How Business Credit Cards Work

ByGrace Pilling
Edited byVictoria Copans

Updated: March 21, 2024

ByGrace Pilling
Edited byVictoria Copans

Updated: March 21, 2024

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Business credit cards, while similar to personal credit cards, come equipped with features and tools tailored to business needs. Whether you're a startup owner or run an established enterprise, understanding how business credit cards work, their benefits and potential pitfalls is key to using them effectively.

  • Business credit cards set a credit limit based on your business's financial health and your credit history.
  • Balances not cleared by the due date accrue interest; always check your card's grace period.
  • Cards often have features like employee spending limits, detailed expense tracking and rewards tailored to business spending.

What Is a Business Credit Card?

A business credit card is a card designed to be used specifically for business-related expenses. Business credit cards can offer various benefits like higher spending limits, no annual fees, rewards in certain spending categories, travel perks and extended credit. To get a business card, you generally need a strong credit score. However, if your credit is lacking, you might opt for a secured card where a deposit determines your credit limit.

As the account holder, you're responsible for all expenses, including those by other authorized users. When you apply, the issuer checks your individual credit history, and if your business has its own credit record, that might be reviewed, too.

How Do Business Credit Cards Work?

A business credit card operates much like a personal one but is tailored to business needs. When approved, businesses receive a credit limit to cover expenses. If balances aren't paid in full by the due date, interest accrues. Many cards offer rewards like cash back or points and provide additional cards for employees with set spending limits. These cards often feature tools for expense tracking, making tax and budgeting tasks easier. By using the card responsibly, businesses can also build their credit profile, which in turn helps them when it comes to making loans or financing projects.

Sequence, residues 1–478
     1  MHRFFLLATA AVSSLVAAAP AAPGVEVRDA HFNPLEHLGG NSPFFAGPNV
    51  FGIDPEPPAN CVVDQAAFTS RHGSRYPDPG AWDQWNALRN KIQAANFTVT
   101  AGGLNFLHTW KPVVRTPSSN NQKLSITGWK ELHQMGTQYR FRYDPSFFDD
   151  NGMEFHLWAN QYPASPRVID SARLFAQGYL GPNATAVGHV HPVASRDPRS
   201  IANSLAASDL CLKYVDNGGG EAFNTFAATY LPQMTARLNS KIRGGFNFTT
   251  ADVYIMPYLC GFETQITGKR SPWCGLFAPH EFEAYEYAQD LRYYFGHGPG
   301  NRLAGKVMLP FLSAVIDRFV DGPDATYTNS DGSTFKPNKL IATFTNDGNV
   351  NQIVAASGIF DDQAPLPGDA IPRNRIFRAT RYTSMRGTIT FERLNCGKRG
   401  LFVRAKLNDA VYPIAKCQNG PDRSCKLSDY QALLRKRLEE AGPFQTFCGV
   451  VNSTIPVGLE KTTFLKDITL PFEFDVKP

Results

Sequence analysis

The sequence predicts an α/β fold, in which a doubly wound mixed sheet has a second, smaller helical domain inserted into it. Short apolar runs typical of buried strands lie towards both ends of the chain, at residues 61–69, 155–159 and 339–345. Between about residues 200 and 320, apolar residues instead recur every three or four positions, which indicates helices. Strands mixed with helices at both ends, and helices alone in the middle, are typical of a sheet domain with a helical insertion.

Application Process

Just like with a personal card, you need to apply for a business credit card. Lenders will evaluate the creditworthiness of your business based on factors such as business revenue, years in operation and your personal credit history (as the business owner).

Credit Limit

Once approved, you're assigned a credit limit, which is the maximum amount you can charge to the card.

Purchases and Transactions

You can use the business credit card to pay for business-related expenses, from office supplies to business travel.

Interest and Grace Period

If you don't pay off the full balance by the due date, you'll incur interest on the remaining amount. Most cards offer a grace period, which is the time between the end of a billing cycle and when payment is due without accruing interest. This is typically around 21 to 25 days.

Rewards and Benefits

Many business credit cards offer rewards such as cash back, points or miles for every dollar spent. These cards may also come with additional benefits tailored to businesses, like higher limits on certain categories, travel perks or tools for expense management.

Annual Fees and Other Charges

Some business credit cards charge an annual fee in exchange for better rewards or other benefits. Like personal cards, business cards may also charge fees for late payments, cash advances or foreign transactions.

Employee Cards

Business credit card accounts often allow the account holder to issue additional cards for employees. The primary account holder can typically set individual spending limits for each card and monitor their usage.

Expense Management Tools

Business credit cards often come with tools or software integrations to help track and categorize expenses, which can be useful during tax season or for budgeting purposes.

Protection and Security

These cards might offer added protection, such as purchase protection, extended warranties and rental car insurance. They also employ security measures like fraud alerts and zero liability for unauthorized transactions.

Building Business Credit

By responsibly using and repaying a business credit card, you can build or improve your business's credit profile. This can be advantageous for securing other forms of business financing in the future.

Interest Rates and Terms

Business credit cards can have different interest rates, terms and conditions than personal cards. It's crucial to read the fine print to understand any fees, penalties or special terms associated with the card.

Payment Options

Many business credit cards offer flexible repayment options, allowing businesses to carry a balance from one month to the next (with interest) or pay in full each month.